18.2  YAG Laser Vitreolysis

Yttrium aluminum garnet (YAG) laser vitreolysis (YLV) has recently gained prominence for the treatment of symptomatic vitreous opacities (floaters) and may be considered as an alternative to pars plana vitrectomy.

Patient Selection

YAG laser vitreolysis has previously been compared to sham and been found to be safe and efficacious.[1] Pre-treatment examination should be centered on the patient history, in particular impact on activities of daily living (ADL). Furthermore, active inflammation (vitritis) and active retinal pathology (posterior uveitis) should be ruled out before considering treatment. In general, eyes with a recent posterior vitreous detachment should be monitored for at least 6-12 months to allow for neuroadaptation prior to considering YLV.[2] In eyes with pre-existing lattice degeneration or retinal holes, laser retinopexy should be considered prior to YVL. Strong lenticular astigmatism can be a challenge for the procedure as it may make focusing the laser difficult. The ideal candidates for YLV are as follows:

Shah CP, Heier JS. YAG Laser Vitreolysis vs Sham YAG Vitreolysis for Symptomatic Vitreous Floaters. JAMA Ophthalmol. 2017;135(9):918.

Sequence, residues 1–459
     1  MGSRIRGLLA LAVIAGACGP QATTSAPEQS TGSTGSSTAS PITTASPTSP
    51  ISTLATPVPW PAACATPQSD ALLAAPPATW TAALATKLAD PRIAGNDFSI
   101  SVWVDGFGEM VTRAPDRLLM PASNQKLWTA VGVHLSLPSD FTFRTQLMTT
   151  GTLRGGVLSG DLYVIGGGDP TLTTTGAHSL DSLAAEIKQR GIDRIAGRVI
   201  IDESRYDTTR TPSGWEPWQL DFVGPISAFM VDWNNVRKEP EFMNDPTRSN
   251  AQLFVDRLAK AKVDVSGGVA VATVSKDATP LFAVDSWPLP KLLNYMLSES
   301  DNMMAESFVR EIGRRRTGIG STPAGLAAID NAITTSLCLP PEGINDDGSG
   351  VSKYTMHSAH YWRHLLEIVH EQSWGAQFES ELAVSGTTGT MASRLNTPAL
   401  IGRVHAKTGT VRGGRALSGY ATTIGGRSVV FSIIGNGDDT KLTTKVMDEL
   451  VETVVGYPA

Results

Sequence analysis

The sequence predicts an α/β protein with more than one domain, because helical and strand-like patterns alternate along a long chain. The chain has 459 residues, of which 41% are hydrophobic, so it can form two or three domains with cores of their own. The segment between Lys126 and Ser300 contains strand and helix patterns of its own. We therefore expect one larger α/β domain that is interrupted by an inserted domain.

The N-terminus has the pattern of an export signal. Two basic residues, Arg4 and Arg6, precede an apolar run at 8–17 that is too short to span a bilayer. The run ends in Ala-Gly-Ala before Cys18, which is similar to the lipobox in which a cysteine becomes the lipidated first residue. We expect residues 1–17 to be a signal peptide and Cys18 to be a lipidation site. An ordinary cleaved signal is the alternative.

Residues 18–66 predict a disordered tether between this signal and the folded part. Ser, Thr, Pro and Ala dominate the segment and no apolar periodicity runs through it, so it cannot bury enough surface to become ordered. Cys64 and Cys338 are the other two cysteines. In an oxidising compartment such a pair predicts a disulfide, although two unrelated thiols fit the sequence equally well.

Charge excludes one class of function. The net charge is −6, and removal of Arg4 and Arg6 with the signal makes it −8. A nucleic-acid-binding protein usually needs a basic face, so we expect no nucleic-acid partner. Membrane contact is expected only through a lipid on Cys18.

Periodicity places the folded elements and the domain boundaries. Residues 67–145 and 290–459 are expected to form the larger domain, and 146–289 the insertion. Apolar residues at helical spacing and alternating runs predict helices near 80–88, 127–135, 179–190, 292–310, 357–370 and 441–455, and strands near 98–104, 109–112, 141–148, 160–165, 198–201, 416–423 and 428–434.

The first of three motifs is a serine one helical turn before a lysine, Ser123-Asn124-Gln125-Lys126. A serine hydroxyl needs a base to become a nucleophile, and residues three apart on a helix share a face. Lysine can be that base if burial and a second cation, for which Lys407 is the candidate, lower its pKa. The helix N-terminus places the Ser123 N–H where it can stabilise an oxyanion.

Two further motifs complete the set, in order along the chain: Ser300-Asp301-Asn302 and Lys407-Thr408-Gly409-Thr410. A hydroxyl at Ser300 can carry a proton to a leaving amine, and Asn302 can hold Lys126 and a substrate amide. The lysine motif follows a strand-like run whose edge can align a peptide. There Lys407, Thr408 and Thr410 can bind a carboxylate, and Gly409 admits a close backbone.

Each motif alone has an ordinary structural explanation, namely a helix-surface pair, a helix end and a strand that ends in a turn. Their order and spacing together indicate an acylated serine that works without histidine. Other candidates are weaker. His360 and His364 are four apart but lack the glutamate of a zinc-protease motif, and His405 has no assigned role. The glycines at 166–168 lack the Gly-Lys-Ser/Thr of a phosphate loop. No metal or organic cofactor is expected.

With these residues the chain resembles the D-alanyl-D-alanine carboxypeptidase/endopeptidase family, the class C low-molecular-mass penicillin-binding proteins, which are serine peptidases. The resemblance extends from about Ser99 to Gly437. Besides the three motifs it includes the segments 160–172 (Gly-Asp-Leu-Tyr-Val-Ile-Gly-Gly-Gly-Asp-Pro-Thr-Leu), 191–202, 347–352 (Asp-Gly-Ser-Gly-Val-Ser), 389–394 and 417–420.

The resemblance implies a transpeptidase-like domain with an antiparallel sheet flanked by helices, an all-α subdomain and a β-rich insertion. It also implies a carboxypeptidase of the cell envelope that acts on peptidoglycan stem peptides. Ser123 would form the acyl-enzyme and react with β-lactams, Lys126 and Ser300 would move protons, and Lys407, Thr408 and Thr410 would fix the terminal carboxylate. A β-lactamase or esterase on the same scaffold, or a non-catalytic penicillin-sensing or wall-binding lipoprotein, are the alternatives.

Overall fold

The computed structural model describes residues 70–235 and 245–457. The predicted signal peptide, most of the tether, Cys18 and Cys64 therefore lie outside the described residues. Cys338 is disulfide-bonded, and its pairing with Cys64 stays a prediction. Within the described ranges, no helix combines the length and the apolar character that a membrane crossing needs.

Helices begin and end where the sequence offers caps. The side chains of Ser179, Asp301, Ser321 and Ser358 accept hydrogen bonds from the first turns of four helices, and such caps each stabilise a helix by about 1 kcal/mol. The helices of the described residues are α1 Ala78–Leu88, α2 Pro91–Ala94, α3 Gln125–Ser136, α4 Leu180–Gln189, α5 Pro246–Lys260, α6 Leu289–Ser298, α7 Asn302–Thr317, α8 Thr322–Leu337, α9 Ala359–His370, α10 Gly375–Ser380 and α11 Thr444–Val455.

Katsanos A, Tsaldari N, Gorgoli K, Lalos F, Stefaniotou M, Asproudis I. Safety and Efficacy of YAG Laser Vitreolysis for the Treatment of Vitreous Floaters : An Overview. Adv Ther. 2020.

  1. Symptomatic vitreous opacities impairing ADLs
  2. Single vitreous floater
  3. Mid-vitreous location (Figures 18.2.1)
  4. Weiss ring or degenerated Weiss ring (a patient without a PVD may present greater risk with the procedure)
  5. Pseudophakic status
  6. Clearly visible opacity which is accessible with laser contact lens

Figure 18.2.1
55 year-old male with central vitreous opacity (amorphous shape), SLO image (Optos California, Optos PLC, Dunfermline UK) of the posterior pole reveals the diffuse nature of the opacity over the macula.

Figure 18.2.2
Enface swept source OCT (Zeiss Plex Elite, Carl Zess Meditec, Germany) of vitreous opacity of patient in Figure 18.2.1, demonstrating location over macula.

Figure 18.2.3
Enface swept source vitreous OCT (Zeiss Plex Elite, Carl Zeiss Meditec, Germany) demonstrating a hyperreflective diffuse opacity in the vitreous cavity of the patient depicted in Figure 18.2.1.

A. Pre-operative Imaging

  1. SLO-UWF imaging can be effective in confirming the presence of the vitreous opacity pre-treatment and correlating to the patient’s description / symptoms (Figure 18.2.1)
  2. Enface Optical coherence tomography (OCT) can be used to confirm the impact of visual impairment (shadowing over retinal tissue) (Figure 18.2.2)
  3. Dynamic OCT can also be performed to detect movement of the vitreous opacity in vivo within the vitreous and its resultant real-time shadowing over the macula (Video 18.2.1)
  4. Enface Vitreous OCT is an evolving modality whereby multiple opacities can be visualized within the vitreous to visualize the opacity and their relationship to retinal structures (Figure 18.2.3)

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Westmead Eye Manual
This invaluable open-source textbook for eye care professionals summarises the steps ophthalmologists need to perform when examining a patient.


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